Aspects of the present invention are directed to an organizational method of storing individual route segments, and an associated plurality of connected route segments in a stored database.
  • [0008]
    Each route segment may be defined by at least one starting node and ending node identifier, and at least one vehicle criterion limit that can be used to determine which types of vehicles are allowed to traverse the route segment. For example, vehicle criterion limits may include, but are not limited to: Maximum vehicle height, maximum vehicle width, maximum vehicle length, maximum front and/or rear overhang of the vehicle, maximum gross weight, and/or axle and/or axle group weight(s) allowable along the route segment.
  • [0009]
    Each route segment may also contain distance information as well as standard, allowable physical limits for non-permitted vehicle operation, such as a legal weight limits.
  • [0010]
    Each route segment and/or node may also contain one or more descriptive attributes such as, but are not limited to: Jurisdiction identifier, roadway number(s), roadway type(s), roadway direction, speed limit(s), toll road indicator/cost, congestion indicator, street address/address block, zip code, latitude/longitude, linear reference system identifiers, signage such as exit numbers or mile markers, intermodal connector identification (ID) information, the name of a municipality or city, or an industry name and/or location.
  • [0011]
    Further, each route segment may also contain administrative information such as an indicator that the segment is traversable, and temporary or permanent restrictions of the physical limits of the route segment, allowed vehicle configuration and/or load type, effective dates and/or times for these restrictions, and/or advisories and/or remarks concerning aspects of the segment and/or the restriction.
  • [0012]
    Using the standardized positioning information contained in each node, individual route segments may also be referenced as a unique collection of segments which contain descriptive attributes associated with the collection, such as, but not limited to: Total distance, general restrictions, user entity restrictions, vehicle and/or load type, and/or advisories or remarks regarding the underlying collection of segments.
  • [0013]
    Finally, using a unique identifier, each collection of individual segments can then be referenced by starting and ending node attributes as being a potentially-traversable origin and destination pair, depending on physical vehicle criteria, dates and times of travel, or other factors.
  • [0014]
    One or a plurality of these collections of route segments may exist for any distinct origin and destination pair.
  • [0015]
    This plurality of segment collections may be organized as discrete, complete routes by criteria such as total authorization cost, distance, frequency of use and/or travel time, and may be displayed one a computer screen during the route selection process while applying for a permit.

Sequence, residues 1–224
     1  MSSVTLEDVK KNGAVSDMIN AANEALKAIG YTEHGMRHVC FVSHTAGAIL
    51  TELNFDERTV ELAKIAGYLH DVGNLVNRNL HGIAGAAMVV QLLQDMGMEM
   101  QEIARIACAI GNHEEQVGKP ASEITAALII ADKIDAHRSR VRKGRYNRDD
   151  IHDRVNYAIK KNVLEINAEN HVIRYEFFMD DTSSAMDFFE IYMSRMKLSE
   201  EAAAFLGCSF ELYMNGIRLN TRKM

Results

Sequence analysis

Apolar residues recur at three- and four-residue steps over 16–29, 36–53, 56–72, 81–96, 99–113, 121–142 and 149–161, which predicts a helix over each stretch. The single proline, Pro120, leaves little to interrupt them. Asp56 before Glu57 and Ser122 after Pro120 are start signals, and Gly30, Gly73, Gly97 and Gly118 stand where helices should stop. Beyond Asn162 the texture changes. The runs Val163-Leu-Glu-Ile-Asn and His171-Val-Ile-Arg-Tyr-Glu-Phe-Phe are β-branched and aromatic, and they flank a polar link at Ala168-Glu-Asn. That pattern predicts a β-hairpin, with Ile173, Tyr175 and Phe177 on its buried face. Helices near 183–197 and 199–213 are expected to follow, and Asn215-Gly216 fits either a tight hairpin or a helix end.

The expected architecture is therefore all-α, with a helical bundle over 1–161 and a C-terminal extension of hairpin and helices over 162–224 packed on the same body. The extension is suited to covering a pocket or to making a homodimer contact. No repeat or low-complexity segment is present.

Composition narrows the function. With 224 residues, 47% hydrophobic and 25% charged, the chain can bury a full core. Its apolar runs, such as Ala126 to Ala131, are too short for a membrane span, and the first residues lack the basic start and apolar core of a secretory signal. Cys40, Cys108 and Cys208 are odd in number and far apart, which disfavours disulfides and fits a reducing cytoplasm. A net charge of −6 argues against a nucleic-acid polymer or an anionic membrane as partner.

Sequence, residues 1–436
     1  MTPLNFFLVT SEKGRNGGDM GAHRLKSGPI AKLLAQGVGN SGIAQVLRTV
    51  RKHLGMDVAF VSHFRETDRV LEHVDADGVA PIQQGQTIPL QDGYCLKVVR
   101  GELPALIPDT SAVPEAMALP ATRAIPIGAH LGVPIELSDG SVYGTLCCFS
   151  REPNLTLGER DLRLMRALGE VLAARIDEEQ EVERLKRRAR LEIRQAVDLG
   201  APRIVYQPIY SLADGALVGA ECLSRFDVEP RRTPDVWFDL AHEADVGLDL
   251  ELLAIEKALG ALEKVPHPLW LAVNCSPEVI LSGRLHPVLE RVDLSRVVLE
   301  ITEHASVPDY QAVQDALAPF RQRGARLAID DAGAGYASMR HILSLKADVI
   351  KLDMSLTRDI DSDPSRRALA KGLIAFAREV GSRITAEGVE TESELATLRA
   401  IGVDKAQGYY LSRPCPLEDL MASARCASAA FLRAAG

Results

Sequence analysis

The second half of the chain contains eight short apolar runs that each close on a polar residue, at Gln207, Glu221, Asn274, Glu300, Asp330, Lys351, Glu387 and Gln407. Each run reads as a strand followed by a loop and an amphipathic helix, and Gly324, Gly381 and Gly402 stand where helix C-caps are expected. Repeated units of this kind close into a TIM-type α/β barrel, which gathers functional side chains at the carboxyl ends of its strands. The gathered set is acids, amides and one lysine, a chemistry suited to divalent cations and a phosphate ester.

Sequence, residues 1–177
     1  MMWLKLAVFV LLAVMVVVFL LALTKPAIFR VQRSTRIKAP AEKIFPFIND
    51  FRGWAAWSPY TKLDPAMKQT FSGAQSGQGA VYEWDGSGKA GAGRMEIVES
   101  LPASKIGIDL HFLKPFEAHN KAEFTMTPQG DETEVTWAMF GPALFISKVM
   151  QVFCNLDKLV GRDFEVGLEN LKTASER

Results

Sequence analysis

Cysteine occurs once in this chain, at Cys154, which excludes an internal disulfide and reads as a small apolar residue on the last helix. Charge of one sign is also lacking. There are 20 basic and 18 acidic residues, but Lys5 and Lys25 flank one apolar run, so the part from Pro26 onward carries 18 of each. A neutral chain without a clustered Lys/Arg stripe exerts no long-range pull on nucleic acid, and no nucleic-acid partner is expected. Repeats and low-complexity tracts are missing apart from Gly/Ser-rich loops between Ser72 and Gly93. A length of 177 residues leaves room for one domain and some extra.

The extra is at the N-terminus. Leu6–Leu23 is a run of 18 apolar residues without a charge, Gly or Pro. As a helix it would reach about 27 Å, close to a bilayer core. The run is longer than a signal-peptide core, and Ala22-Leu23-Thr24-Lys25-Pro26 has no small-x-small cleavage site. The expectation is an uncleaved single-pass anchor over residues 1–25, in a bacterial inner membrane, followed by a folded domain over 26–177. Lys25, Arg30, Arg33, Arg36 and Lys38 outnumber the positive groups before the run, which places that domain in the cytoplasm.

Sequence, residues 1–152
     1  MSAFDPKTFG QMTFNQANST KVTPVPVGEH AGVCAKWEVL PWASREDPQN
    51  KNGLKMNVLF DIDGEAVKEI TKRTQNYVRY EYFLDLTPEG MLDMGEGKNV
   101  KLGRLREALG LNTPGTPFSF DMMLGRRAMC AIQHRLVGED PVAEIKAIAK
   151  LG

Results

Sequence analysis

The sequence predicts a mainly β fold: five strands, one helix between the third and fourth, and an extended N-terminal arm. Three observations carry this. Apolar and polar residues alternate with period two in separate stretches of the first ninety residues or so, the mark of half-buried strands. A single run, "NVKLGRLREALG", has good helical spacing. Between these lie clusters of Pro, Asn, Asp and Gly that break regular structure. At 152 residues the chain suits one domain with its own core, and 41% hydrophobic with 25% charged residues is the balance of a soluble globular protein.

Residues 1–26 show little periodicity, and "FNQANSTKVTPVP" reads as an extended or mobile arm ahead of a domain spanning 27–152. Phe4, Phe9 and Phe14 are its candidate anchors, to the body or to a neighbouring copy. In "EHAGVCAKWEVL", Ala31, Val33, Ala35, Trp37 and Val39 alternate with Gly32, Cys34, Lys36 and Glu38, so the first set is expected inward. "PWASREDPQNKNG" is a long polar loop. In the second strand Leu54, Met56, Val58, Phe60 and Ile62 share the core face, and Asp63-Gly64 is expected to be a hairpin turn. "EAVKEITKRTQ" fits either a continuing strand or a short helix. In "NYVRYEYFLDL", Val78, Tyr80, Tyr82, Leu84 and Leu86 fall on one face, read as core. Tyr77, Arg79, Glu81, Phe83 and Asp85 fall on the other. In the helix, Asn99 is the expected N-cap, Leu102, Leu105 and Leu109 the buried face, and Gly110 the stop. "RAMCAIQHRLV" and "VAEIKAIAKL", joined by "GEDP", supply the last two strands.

• [0016]
    Jurisdiction authorities may choose to allow individual route segments, segment collections and/or complete routes be presented to permit customers during the permit routing process, thus for instance allowing routing only from discrete, pre-approved segments, collections of segments, or complete routes within their jurisdiction.
  • [0017]
    Jurisdiction authorities may further restrict availability of route segment(s), segment collection(s), and/or complete route(s), such as by highway number, permit customer and/or vehicle or vehicle load type, date, geographic boundaries, and/or other criteria.
  • [0018]
    Further, although an exhaustive and complete network of route segments, segment collections and complete routes may be defined, such an exhaustive and complete network is not necessary for each jurisdiction to independently or collaboratively implement routing practices using this method, and the quantity of traversable route segments may vary from jurisdiction to jurisdiction.
  • [0019]
    However, a partially or even entirely complete network of inactive, non-traversable segments may also exist within a jurisdiction with only certain segments, collections of segments, or complete routes being active and potentially-traversable.
  • [0020]
    Further, additional segments can be included, and indicated to be potentially traversable on an as-needed basis.
  • [0021]
    Route segment creation, the indication of segment availability and/or editing of descriptive segment data and/or physical criteria, as well as suspension of segment availability may be accomplished in a distributed fashion whereby each jurisdiction retains control over the limits and availability of each route segment within their jurisdiction.
  • [0022]
    Segment collection maintenance, such as editing of limits and descriptive collection data as well as suspension of collection availability may also be achieved in a distributed fashion whereby each jurisdiction may retain control over the limits and availability of each route segment, and/or each segment collection and/or complete route within their jurisdiction.
  • [0023]